Little Women[H] RKO Radio Merian C. Cooper, Kenneth MacGowan
1932-1933
(6th)
The Private Life of Henry VIII London Films, United Artists Alexander Korda the first nomination which was not an American production.[2]
1932-1933
(6th)
She Done Him Wrong Paramount William LeBaron
1932-1933
(6th)
Smilin' Through Metro-Goldwyn-Mayer Irving Thalberg
1932-1933
(6th)
State Fair Fox Winfield Sheehan[G]
1934
(7th)
It Happened One Night[I] Columbia Harry Cohn won all Big Five Academy Awards[3]
1934
(7th)
The Barretts of Wimpole Street[I] Metro-Goldwyn-Mayer Irving Thalberg
1934
(7th)
Cleopatra Paramount Cecil B. DeMille
1934
(7th)
Flirtation Walk First National Jack L. Warner, Hal B. Wallis, Robert Lord
1934
(7th)
The Gay Divorcee RKO Radio Pandro S. Berman
1934
(7th)
Here Comes the Navy Warner Bros. Lou Edelman
1934
(7th)
The House of Rothschild[I] 20th Century, United Artists Darryl F. Zanuck, William Goetz, Raymond Griffith
1934
(7th)
Imitation of Life Universal John M. Stahl
1934
(7th)
One Night of Love Columbia Harry Cohn, Everett Riskin
1934
(7th)
The Thin Man Metro-Goldwyn-Mayer Hunt Stromberg
1934
(7th)
Viva Villa Metro-Goldwyn-Mayer David O. Selznick
1934
(7th)
The White Parade Fox Jesse L. Lasky
1935
(8th)
Mutiny on the Bounty[J] Metro-Goldwyn-Mayer Irving Thalberg, Albert Lewin
1935
(8th)
Alice Adams RKO Radio Pandro S. Berman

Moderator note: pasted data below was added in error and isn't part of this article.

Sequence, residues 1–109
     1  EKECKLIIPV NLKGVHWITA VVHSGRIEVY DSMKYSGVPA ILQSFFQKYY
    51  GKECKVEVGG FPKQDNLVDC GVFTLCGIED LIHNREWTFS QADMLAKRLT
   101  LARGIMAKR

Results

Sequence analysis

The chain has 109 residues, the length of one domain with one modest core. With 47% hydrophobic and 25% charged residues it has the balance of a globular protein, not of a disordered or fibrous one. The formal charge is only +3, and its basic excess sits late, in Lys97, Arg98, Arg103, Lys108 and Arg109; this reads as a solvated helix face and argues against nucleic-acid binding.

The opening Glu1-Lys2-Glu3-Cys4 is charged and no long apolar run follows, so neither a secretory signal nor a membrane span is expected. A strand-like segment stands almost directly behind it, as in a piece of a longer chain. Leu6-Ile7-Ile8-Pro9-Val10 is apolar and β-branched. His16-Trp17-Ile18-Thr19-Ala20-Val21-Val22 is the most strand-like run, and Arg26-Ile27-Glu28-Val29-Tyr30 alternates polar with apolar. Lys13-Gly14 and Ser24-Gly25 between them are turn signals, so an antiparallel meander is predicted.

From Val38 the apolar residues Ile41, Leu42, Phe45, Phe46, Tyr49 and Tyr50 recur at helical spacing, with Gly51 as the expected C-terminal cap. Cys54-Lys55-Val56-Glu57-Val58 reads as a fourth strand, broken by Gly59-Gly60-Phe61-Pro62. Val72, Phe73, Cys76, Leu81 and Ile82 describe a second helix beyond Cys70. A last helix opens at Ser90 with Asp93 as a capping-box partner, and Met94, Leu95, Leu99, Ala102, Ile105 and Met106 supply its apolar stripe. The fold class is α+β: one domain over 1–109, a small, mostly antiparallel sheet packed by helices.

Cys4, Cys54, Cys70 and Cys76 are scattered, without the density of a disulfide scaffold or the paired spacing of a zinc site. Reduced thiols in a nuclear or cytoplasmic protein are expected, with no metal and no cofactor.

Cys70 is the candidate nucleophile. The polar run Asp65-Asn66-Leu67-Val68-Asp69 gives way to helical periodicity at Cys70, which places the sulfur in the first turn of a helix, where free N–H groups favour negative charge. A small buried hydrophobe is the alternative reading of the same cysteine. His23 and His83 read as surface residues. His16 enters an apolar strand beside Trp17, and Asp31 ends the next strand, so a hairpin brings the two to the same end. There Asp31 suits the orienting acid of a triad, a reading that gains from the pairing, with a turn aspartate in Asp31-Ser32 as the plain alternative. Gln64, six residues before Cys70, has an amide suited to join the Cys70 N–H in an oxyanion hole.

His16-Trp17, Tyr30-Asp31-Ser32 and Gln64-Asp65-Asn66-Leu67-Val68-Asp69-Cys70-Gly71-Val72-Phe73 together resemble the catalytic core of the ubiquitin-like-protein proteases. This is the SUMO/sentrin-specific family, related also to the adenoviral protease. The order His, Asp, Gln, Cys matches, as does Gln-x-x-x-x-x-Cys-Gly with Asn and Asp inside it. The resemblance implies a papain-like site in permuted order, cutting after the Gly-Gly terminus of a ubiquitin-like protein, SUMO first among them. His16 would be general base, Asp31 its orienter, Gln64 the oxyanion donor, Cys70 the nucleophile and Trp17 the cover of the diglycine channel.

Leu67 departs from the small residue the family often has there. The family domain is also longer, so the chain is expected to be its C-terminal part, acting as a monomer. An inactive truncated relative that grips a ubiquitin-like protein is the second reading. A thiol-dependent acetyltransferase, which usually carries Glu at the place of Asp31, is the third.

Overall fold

1935
(8th)
Broadway Melody of 1936 Metro-Goldwyn-Mayer John W. Considine, Jr.
1935
(8th)
Captain Blood[J] Warner Bros., Cosmopolitan Hal B. Wallis, Harry Joe Brown, Gordon Hollingshead
1935
(8th)
David Copperfield Metro-Goldwyn-Mayer David O. Selznick
1935
(8th)
The Informer[J] RKO Radio Cliff Reid
1935
(8th)
The Lives of a Bengal Lancer Paramount Louis D. Lighton
1935
(8th)
A Midsummer Night's Dream Warner Bros. Henry Blanke
1935
(8th)
Les Misérables 20th Century, United Artists Darryl F. Zanuck
1935
(8th)
Naughty Marietta Metro-Goldwyn-Mayer Hunt Stromberg
1935
(8th)
Ruggles of Red Gap Paramount Arthur Hornblow, Jr.
1935
(8th)
Top Hat RKO Radio Pandro S. Berman
1936
(9th)
The Great Ziegfeld Metro-Goldwyn-Mayer Hunt Stromberg
1936
(9th)
Anthony Adverse Warner Bros. Henry Blanke
1936
(9th)
Dodsworth Goldwyn, United Artists Samuel Goldwyn, Merritt Hulbert
1936
(9th)
Libeled Lady Metro-Goldwyn-Mayer Lawrence Weingarten
1936
(9th)
Mr. Deeds Goes to Town Columbia Frank Capra
1936
(9th)
Romeo and Juliet Metro-Goldwyn-Mayer Irving Thalberg
1936
(9th)
San Francisco Metro-Goldwyn-Mayer John Emerson, Bernard H. Hyman
1936
(9th)
The Story of Louis Pasteur Warner Bros. Henry Blanke
1936
(9th)
A Tale of Two Cities Metro-Goldwyn-Mayer David O. Selznick
1936
(9th)
Three Smart Girls Universal Joe Pasternak, Charles R. Rogers
1937
(10th)
The Life of Emile Zola Warner Bros. Henry Blanke
1937
(10th)
The Awful Truth Columbia Leo McCarey, Everett Riskin
1937
(10th)
Captains Courageous Metro-Goldwyn-Mayer Louis Lighton
1937
(10th)
Dead End Goldwyn, United Artists Samuel Goldwyn, Merritt Hulbert
1937
(10th)
The Good Earth Metro-Goldwyn-Mayer Irving Thalberg, Albert Lewin
1937
(10th)
In Old Chicago 20th Century Fox Darryl F. Zanuck, Kenneth MacGowan
1937
(10th)
Lost Horizon Columbia Frank Capra
1937
(10th)
One Hundred Men and a Girl Universal Charles R. Rogers, Joe Pasternak
1937
(10th)
Stage Door RKO Radio Pandro S. Berman
1937
(10th)